Decision to make history optional subject to be reviewed
Minister says it is through ‘learning the lessons of our past that we can plan for future’
Minister for Education Joe McHugh has announced a review of the decision to make history an optional subject at Junior Certificate level. Photograph: Alan Betson / The Irish Times
Minister for Education Joe McHugh has announced a review of the decision to make history an optional subject at Junior Certificate level.
Mr McHugh told the Fine Gael Ardfheis “it’s already recognised that history is generally the fifth most popular subject in the Junior Certificate examination”.
He said that showed the demand was there from “teachers who attract students to the subject through their own love and passion for education and learning and by engaging the natural curiosity of students”.
The subject became optional in September this year at Junior Certificate level leaving just three core mandatory subjects - Irish, English and Maths - and provoking major criticism.
Mr McHugh said it was through “learning the lessons of our past that we can plan for the future. The past century and more have been an immense period for Ireland.
“Even the events of the last week with our nearest neighbours, trying to plot their Brexit, provide testimony to that,” the minister said.
“The importance of understanding our shared history cannot be clearer and while we have deepened our relations in recent years we can use our understanding of history to build on those.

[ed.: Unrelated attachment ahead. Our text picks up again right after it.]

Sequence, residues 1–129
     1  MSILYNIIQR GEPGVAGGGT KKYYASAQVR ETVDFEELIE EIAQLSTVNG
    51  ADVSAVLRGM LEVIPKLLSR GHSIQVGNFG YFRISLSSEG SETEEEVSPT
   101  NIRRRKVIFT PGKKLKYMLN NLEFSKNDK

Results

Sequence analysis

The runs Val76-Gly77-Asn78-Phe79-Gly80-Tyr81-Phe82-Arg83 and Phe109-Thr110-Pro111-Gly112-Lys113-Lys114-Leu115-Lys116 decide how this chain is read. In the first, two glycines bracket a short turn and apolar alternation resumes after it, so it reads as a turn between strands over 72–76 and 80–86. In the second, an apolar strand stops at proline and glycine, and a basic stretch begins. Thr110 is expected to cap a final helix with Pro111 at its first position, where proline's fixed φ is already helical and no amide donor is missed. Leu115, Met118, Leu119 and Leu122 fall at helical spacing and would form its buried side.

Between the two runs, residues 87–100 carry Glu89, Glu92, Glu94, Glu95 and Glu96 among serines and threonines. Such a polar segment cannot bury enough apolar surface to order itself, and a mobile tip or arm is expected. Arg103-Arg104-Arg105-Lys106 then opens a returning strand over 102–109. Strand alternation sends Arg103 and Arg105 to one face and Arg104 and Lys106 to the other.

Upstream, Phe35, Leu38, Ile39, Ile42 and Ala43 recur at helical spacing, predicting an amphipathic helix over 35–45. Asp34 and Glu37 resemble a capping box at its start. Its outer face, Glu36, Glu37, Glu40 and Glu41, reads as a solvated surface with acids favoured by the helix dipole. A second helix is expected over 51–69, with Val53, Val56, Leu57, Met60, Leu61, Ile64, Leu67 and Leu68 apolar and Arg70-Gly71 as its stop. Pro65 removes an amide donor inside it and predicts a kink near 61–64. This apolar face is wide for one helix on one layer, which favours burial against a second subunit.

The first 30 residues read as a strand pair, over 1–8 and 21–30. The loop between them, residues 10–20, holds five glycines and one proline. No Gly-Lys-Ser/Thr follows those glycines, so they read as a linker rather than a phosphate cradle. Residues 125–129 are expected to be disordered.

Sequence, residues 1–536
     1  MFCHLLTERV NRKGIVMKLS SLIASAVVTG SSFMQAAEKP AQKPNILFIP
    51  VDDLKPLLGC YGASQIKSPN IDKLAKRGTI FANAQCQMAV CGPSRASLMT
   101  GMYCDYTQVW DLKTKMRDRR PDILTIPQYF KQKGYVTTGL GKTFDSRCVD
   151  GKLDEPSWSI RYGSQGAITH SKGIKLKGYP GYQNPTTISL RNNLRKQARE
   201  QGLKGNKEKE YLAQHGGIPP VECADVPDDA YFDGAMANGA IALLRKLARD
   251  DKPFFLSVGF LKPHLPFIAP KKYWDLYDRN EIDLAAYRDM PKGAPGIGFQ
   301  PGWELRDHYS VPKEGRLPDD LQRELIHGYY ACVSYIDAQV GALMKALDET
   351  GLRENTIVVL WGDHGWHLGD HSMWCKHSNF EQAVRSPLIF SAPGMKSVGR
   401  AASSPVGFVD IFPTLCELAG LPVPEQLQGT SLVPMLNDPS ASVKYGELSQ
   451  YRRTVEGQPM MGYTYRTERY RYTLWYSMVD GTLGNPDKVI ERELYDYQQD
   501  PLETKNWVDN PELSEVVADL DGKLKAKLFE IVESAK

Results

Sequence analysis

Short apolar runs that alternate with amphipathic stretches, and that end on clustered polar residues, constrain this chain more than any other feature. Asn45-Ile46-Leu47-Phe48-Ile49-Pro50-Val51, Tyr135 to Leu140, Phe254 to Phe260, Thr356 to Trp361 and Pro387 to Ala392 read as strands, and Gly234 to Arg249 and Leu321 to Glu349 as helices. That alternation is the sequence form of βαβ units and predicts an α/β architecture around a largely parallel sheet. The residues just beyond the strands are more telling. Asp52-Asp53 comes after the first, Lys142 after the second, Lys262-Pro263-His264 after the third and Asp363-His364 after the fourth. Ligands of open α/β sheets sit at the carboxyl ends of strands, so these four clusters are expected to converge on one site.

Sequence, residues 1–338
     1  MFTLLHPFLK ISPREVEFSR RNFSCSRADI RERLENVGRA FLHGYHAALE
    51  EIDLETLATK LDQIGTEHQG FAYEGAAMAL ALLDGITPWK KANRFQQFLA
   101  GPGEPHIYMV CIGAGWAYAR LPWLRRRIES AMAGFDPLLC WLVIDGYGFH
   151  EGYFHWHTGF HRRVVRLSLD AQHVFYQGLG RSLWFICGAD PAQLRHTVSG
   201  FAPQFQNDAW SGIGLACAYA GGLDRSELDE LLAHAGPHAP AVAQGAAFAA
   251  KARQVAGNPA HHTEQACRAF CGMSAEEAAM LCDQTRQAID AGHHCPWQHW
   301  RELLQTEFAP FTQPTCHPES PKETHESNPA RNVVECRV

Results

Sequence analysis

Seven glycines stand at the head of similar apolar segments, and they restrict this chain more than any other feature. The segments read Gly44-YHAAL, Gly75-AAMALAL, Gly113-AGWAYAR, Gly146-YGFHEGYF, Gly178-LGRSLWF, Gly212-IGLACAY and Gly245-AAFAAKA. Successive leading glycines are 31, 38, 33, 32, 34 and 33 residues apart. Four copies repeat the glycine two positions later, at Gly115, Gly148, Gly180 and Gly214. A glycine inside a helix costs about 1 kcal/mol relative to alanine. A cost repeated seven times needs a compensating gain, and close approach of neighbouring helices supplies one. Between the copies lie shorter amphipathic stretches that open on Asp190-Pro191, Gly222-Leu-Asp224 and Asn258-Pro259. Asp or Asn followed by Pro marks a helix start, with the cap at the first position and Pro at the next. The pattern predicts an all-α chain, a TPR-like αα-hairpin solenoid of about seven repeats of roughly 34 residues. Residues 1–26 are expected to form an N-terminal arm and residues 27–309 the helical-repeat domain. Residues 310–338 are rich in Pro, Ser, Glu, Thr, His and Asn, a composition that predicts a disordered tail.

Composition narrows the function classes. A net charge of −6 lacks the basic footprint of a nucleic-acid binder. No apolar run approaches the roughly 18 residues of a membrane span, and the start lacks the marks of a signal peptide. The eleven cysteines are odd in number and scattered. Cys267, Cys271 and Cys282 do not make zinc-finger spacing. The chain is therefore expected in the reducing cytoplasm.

“It’s also in the context of marking the end of the First World War and how we commemorate anniversaries of the War of Independence, Civil War and Partition.”
Mr McHugh will meet officials from the National Council for Curriculum and Assessment “in the next week or so to determine how we progress this”.
Earlier this year President Michael D Higgins expressed “deep and profound concern” that history would no longer be a core subject at Junior Certificate level.
The President said in May that history was the “inheritance of all our people”, and a republic worthy of the name would seek to make it accessible to as many people as possible.
Fianna Fáil leader Micheál Martin also excoriated the decision.
He said he would restore it to the curriculum if his party was in government after the next election.
A former history teacher, he said that when he became minister for education in 1997 there was a proposal to remove the subject from the curriculum.
He vetoed it and said he feared for the future of history, because if it was removed at Junior Certificate level there would be less follow-up at Leaving Certificate, leading to the eventual demise of the subject.